Innovators And Preachers: The Role Of The Editor In Victorian England by Joel H. WienerInnovators And Preachers: The Role Of The Editor In Victorian England by Joel H. Wiener

Innovators And Preachers: The Role Of The Editor In Victorian England

EditorJoel H. Wiener

Hardcover | December 1, 1985

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This volume consists of fifteen essays by leading scholars dealing with the Victorian editor and his influence on the culture of his time. The first section analyzes the relationship between Victorian editors and their audience. The essays show how editors effectively balanced fiction and politics, how social change effected periodical publishing, and how editors dealt with Victorian sexual and moral preoccupations. The second section places the editor in the context of his profession. By focusing on specific editors and their journals, the third section sheds additional light on the themes developed in the first two. To complete the book, a bibliographic essay offers new information about the published sources available for further research on the nineteenth-century editor.
Title:Innovators And Preachers: The Role Of The Editor In Victorian EnglandFormat:HardcoverDimensions:335 pages, 9.41 × 7.24 × 0.98 inPublished:December 1, 1985Publisher:GREENWOOD PRESS INC.

The following ISBNs are associated with this title:

ISBN - 10:0313241643

ISBN - 13:9780313241642

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Editorial Reviews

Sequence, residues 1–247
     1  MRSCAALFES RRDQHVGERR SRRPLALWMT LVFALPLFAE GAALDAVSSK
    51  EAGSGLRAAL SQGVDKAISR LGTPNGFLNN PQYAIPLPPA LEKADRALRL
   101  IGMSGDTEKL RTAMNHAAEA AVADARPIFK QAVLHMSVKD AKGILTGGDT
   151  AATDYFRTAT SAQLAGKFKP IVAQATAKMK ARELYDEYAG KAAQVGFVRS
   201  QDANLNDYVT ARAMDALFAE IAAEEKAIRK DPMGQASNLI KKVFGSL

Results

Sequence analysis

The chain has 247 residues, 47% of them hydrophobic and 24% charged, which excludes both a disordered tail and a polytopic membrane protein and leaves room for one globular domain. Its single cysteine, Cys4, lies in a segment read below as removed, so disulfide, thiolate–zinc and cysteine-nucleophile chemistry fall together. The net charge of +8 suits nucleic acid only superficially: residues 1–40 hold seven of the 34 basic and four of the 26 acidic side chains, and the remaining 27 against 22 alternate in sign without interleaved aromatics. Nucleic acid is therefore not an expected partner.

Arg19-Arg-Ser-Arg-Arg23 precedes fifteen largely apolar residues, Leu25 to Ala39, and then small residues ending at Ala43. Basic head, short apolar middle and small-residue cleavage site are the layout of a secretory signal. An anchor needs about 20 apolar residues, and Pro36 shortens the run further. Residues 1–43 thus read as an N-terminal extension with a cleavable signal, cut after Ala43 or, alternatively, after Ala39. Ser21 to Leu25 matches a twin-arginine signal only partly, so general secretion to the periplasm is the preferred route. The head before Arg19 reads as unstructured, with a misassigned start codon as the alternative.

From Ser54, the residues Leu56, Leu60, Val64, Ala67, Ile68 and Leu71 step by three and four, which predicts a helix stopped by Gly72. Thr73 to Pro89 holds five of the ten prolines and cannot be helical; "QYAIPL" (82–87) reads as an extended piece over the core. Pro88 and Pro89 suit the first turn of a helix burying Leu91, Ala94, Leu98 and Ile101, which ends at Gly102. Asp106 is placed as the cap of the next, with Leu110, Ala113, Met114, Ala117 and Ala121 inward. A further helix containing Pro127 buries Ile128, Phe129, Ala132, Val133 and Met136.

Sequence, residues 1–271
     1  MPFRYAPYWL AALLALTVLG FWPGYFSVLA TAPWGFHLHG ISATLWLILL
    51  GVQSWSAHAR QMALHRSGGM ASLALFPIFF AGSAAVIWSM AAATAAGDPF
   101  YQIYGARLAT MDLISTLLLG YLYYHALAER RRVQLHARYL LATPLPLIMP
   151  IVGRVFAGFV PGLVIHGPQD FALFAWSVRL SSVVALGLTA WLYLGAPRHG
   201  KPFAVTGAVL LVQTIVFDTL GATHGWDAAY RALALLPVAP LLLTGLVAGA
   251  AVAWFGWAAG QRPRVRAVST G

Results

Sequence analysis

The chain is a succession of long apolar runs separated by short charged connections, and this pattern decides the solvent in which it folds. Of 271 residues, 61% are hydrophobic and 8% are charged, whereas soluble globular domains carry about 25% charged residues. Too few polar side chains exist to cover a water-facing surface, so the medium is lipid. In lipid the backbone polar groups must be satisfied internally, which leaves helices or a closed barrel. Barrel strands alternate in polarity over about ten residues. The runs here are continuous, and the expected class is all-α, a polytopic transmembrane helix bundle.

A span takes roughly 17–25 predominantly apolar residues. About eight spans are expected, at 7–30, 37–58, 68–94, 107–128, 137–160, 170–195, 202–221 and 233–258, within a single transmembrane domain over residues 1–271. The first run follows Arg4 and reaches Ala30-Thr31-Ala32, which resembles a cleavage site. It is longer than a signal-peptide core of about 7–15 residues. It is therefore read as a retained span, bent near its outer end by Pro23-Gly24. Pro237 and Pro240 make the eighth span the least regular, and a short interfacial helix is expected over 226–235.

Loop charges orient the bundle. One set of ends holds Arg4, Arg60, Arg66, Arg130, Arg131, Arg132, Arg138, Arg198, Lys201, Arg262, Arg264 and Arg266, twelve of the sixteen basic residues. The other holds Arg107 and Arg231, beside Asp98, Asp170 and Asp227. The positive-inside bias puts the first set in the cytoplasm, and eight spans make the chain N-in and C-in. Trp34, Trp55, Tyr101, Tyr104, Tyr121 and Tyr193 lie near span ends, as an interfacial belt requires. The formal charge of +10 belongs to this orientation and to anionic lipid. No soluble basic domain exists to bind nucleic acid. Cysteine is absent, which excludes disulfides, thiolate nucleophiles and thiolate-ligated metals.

?A pioneering work in the study of Victorian periodicals, this volume is the first to take a long look at the Victorian editor and his influence in shaping the course of journalism in the 19th century .... Although not intended to be the definitive history of the Victorian editor, the collection nevertheless prepares the way and sets the standards for any future volumes. The Victorian press was the avenue by which the average citizen perceived the outside world, but the role of the editor in that process has not been studied in detail. The book is divided into three sections, Editors and Audience, ' The Context of Reading, ' and Some Leading Practitioners.' Further, the book offers several sharp individual portraits and an interesting survey in the Introduction of what might be called the rise and fall of the Victorian editor, the latter condition being brought on by difficulties of mechanization, expansion of audience, and an evergrowing administrative and financial superstructure. An outstanding bibliographical essay by the editor concludes this major reference. Required for all scholarly, academic, and graduate libraries, and recommended for upper-division undergraduates.?-Choice